Document - Egypt: Rights of Individuals intercepted at the border with Israel must be protected

AMNESTY INTERNATIONAL


Public Statement


AI Index: MDE 12/027/2007 (Public)

News Service No: 157

15 August 2007


Egypt: Rights of Individuals intercepted at the border with Israel must be protected



Amnesty International has today called on the Egyptian government to protect the human rights of individuals intercepted at the border with Israel who includerefugees, asylum-seekers and migrants, and to launch immediately a thorough, independent, and impartial investigation into the killings of at least three Sudanese refugees or asylum seekers in recent weeks, and make its findings public.


This call came following the Egyptian authorities’ statement regarding the government’s “efforts to combat trespassing across the international borders with Israel”. The statement, which was issued by the Ministry of Foreign Affairs on 11 August 2007, did not mention whether the Egyptian authorities had opened any investigation into the killings of refugees and asylum seekers at the border or the specific circumstancesin which security officers at the border are instructed to use firearms.


The alleged killings occurred when Egyptian security forces at the border reportedly shot dead two men believed to be of Sudanese origin as they attempted to cross to Israel during the night of 1 and 2 August 2007. Two other men were said to have been arrested and beaten up by the security forces during the same night. Egyptian senior security sources have publicly denied that the shootings took place, although they have confirmed that two men were arrested by the Egyptian border police on 2 August, one of whom was said to be seriously injured.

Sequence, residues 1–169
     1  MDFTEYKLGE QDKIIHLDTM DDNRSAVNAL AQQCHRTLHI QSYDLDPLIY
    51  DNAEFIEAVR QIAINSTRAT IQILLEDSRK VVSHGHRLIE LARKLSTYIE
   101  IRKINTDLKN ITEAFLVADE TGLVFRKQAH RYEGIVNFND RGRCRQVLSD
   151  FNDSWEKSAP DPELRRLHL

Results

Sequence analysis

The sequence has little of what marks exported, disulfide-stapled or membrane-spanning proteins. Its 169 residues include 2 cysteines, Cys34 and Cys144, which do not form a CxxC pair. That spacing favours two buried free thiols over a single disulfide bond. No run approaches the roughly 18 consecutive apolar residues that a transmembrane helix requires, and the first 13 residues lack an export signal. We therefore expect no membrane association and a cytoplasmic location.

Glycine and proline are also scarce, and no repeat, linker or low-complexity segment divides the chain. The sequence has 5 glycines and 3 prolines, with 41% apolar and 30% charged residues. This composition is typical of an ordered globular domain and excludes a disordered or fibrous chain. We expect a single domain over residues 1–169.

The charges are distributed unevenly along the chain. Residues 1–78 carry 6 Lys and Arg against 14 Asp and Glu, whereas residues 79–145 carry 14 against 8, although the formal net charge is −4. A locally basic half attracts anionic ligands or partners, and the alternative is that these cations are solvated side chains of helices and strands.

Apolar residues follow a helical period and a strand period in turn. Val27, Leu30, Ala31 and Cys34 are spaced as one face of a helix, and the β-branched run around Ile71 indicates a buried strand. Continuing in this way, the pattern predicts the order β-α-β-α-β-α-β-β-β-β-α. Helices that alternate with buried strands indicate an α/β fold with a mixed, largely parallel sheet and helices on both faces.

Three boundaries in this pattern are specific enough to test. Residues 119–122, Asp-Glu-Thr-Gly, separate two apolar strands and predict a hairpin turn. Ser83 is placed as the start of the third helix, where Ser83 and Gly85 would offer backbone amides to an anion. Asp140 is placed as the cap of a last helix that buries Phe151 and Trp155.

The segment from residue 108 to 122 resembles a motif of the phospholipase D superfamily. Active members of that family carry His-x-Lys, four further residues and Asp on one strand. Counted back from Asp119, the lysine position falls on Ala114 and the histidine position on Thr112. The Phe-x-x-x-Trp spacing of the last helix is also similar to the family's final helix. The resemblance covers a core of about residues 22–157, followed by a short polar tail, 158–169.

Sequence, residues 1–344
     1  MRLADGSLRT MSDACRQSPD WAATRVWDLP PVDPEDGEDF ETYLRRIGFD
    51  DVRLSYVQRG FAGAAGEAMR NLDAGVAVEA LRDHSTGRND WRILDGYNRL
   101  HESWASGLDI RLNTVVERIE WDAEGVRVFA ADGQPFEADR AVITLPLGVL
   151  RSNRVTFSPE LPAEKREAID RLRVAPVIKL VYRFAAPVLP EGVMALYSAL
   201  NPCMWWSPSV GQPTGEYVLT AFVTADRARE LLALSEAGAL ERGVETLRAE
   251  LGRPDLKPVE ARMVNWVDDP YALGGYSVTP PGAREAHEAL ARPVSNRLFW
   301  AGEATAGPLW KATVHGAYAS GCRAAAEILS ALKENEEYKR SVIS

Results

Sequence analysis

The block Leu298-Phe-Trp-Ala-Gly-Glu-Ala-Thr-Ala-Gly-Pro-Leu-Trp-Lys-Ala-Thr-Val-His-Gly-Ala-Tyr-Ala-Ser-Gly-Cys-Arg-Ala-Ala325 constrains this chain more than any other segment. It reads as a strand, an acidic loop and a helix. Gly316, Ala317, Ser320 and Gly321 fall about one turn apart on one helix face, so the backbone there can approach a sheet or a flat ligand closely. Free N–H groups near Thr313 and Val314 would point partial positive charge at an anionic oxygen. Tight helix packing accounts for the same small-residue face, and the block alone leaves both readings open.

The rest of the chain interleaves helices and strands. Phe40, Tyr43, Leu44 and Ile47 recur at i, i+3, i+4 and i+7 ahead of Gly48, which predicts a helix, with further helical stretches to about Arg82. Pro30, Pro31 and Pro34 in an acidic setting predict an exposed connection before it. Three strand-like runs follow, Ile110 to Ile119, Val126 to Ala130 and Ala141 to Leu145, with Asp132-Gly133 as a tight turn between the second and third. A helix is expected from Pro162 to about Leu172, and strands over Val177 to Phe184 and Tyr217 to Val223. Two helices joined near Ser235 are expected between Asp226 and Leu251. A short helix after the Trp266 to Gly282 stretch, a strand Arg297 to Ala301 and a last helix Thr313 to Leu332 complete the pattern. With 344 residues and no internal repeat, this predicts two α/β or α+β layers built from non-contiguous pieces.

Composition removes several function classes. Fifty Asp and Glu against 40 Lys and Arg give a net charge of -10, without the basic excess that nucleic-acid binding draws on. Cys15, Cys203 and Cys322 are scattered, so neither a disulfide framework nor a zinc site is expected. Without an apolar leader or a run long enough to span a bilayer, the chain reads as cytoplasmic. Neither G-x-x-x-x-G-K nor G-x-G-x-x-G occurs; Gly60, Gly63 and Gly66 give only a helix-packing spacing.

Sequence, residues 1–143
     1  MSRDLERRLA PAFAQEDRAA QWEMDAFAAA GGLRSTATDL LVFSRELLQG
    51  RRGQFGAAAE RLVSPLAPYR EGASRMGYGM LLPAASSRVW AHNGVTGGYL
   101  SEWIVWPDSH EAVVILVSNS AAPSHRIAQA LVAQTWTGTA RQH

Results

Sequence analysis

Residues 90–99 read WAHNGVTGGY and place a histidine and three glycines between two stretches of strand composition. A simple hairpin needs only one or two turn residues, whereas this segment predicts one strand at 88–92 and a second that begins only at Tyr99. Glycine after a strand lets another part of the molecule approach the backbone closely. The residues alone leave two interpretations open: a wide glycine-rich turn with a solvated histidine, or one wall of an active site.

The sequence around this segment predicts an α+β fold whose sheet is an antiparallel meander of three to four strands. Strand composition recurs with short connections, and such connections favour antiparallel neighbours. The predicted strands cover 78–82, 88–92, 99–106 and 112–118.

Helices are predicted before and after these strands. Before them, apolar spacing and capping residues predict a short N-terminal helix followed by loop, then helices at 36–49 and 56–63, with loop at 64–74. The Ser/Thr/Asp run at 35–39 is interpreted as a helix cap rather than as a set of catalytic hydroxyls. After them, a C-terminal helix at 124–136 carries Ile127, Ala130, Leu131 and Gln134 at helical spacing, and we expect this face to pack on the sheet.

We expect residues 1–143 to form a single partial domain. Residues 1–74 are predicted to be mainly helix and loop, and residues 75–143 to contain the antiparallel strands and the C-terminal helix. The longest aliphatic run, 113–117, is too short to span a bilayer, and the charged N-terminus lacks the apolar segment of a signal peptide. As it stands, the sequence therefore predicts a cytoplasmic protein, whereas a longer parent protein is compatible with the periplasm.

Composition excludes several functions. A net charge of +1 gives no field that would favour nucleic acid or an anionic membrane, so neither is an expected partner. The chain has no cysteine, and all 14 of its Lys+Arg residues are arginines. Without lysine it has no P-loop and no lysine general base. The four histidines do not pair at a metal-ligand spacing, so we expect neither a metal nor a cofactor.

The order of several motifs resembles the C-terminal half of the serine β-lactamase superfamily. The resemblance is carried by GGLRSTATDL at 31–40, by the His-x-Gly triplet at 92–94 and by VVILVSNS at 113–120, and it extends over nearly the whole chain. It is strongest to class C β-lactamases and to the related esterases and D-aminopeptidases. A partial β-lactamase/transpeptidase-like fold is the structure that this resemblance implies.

Excessive use of force by the Egyptian security forces at the border with Israel has increased over the last few weeks. A Sudanese woman died on 22 July 2007, after allegedly being shot by Egyptian security forces while she was attempting to cross the border with Israel. Other Sudanese, including an 11-year old girl, and a woman from the Ivory Coast were also injured at the scene. Furthermore, on 8 August 2007, a 30-year old Sudanese refugee was found dead, with his hands and feet tied up and his body covered with bruises and wounds, near El-Tawayal village, some 20 km from the Rafah border crossing.


While states have the right to exercise authority over their border and to regulate entry into their territory, any measures taken in this regard must not come in conflict with or violate internationally recognized human rights law and standards. The Egyptian authorities must ensure that the fundamental human rights of all individuals intercepted at the border must be protected and respected. According to international standards such as the UN Code of Conduct for Law Enforcement Officials and the UN Basic Principles on the Use of Force and Firearms by Law Enforcement Officials, security force officers should use force in line with the principles of necessity and proportionality and should only employ firearms if lives are in danger and there is no other means to respond to that danger.


Amnesty International is concerned that Egypt may be sending to the border area law enforcement officials who do not have the necessary training for dealing with crowd-control situations, or adequate human rights training, or training to identify the needs of asylum seekers and refugees or other persons in need of international protection, thus putting the lives of these individuals at risk.